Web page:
|Half plate daguerreotype|
|4th President of Brown University|
|Preceded by||Asa Messer|
|Succeeded by||Barnas Sears|
March 11, 1796|
New York City, New York, U.S.
|Died||September 30, 1865
Providence, Rhode Island, U.S.
|Resting place||North Burial Ground
Providence, Rhode Island, U.S.
|Alma mater||Union College|
Francis Wayland (March 11, 1796 – September 30, 1865), American Baptist educator and economist, was born in New York City, New York. He was president of Brown University and pastor of the First Baptist Church in America in Providence, Rhode Island. In Washington, D.C., Wayland Seminary was established in 1867, primarily to educate former slaves, and was named in his honor. (In 1899, Wayland Seminary merged with another school to become the current Virginia Union University, at Richmond, Virginia.)
Early Life and Family
Francis Wayland's father was an Englishman of the same name, who was also a Baptist pastor. Born in New York City in 1796, Wayland graduated from Union College in 1813 and studied medicine in Troy, under Dr. Ely Burritt. Dr. Burritt, a son of the Rev. Blackleach Burritt, graduated from Williams College, class of 1800 and was licensed to practice medicine at Troy, New York, on March 29, 1802, and quickly gained recognition for his medical skills. Dr. Wayland said the following about his former teacher: "Dr. Ely Burritt was a man of remarkable logical powers of enthusiastic love of his profession, and of great and deserved confidence in his own judgment. He stood at the head of his profession in Troy, and in the neighboring region, and was a person of high moral character." Dr. Wayland also studied medicine in New York City, but in 1816 entered Andover Theological Seminary, where he was greatly influenced by Moses Stuart. He was too poor to conclude his course in theology, and in 1817-1821 was a tutor at Union College, to which, after five years as pastor of the First Baptist Church of Boston, he returned in 1826 as professor of natural philosophy.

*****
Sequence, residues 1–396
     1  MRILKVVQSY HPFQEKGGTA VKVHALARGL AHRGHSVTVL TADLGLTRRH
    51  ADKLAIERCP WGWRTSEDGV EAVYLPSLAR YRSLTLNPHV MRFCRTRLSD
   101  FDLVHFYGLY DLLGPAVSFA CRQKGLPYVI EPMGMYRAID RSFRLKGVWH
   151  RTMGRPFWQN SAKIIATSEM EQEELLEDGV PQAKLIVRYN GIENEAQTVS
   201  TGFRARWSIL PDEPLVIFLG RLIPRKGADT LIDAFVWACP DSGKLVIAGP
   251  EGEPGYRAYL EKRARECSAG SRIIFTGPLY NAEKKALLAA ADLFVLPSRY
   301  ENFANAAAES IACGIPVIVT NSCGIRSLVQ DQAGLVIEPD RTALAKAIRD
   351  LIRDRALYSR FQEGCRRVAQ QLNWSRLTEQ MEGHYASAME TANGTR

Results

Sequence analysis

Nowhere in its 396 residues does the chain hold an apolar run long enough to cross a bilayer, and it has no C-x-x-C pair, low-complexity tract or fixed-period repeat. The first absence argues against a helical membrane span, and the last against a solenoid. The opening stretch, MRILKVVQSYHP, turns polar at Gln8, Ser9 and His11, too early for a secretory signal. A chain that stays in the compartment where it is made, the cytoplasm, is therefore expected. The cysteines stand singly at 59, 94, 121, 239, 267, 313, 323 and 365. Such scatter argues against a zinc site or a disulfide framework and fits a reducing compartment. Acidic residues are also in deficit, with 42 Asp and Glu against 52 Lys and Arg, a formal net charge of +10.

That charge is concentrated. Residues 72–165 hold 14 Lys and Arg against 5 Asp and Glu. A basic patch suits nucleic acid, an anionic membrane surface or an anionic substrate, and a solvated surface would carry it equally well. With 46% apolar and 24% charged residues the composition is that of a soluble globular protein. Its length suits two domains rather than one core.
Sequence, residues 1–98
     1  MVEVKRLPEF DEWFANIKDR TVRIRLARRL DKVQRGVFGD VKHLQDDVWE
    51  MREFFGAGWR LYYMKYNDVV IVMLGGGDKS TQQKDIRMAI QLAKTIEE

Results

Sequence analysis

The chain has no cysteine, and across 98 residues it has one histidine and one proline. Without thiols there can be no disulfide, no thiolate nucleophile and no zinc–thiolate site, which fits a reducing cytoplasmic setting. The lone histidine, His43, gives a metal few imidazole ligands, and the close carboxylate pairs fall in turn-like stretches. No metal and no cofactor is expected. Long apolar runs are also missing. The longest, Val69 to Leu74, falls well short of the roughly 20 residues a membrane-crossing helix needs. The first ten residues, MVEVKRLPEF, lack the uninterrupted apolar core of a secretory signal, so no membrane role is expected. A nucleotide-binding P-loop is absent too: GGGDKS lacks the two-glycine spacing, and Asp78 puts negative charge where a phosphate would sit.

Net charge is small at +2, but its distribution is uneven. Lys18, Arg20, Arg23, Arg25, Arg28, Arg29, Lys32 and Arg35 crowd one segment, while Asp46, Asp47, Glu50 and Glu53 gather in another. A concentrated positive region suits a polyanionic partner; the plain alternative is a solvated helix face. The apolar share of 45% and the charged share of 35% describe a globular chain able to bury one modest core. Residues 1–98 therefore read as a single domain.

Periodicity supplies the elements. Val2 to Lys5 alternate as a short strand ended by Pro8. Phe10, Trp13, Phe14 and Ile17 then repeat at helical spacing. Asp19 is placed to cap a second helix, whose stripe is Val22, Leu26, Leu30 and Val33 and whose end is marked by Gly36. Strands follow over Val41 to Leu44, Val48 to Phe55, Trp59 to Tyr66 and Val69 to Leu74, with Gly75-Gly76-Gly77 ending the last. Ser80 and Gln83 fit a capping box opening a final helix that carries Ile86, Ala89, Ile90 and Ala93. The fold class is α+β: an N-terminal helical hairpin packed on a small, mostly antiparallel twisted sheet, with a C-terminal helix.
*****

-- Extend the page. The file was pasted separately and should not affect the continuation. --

He was an early advocate of the temperance and anti-slavery causes, for many years was "inspector of the state prison and Providence county jail," president of the Prison Discipline Society, and active in prison reform and local charities. He was one of the "law and order" leaders during the "Dorr Rebellion" of 1842, and was called "the first citizen of Rhode Island."
In 1827 he became president of Brown University. In the twenty-eight years of his administration he gradually built up the college, improving academic discipline, formed a library and gave scientific studies a more prominent place. He also worked for higher educational ideals outside the college, writing text-books on ethics and economics, and promoting the free school system of Rhode Island and especially (1828) of Providence. His Thoughts on the Present Collegiate System in the United States (1842) and his Report to the Corporation of Brown University of 1850 pointed the way to educational reforms, particularly the introduction of industrial courses, which were only partially adopted in his lifetime.
Charles T. Congdon wrote in his Reminiscences:
He was disobeyed with fear and trembling, and the boldest did not care to encounter his frown. He was majestic in manner, and could assume, if he pleased, a Rhadamanthine severity. It was a calamity to be called into that awful presence; and no student, of whatever character, ever made the least pretence of not being frightened at the summons. ... However loosely our tongues might wag, we thoroughly respected and even reverenced the president; and upon public occasions, when he put on his academic gown and cap, we were rather proud of his imposing appearance. ... In his later days, I have been told he exhibited marked urbanity and sweetness of disposition. Certainly there were small traces of either when any undergraduate was detected in an act of meanness or a flagrant violation of the university statutes. He had a heavy foot for a student’s door when it was not promptly opened after his official knock.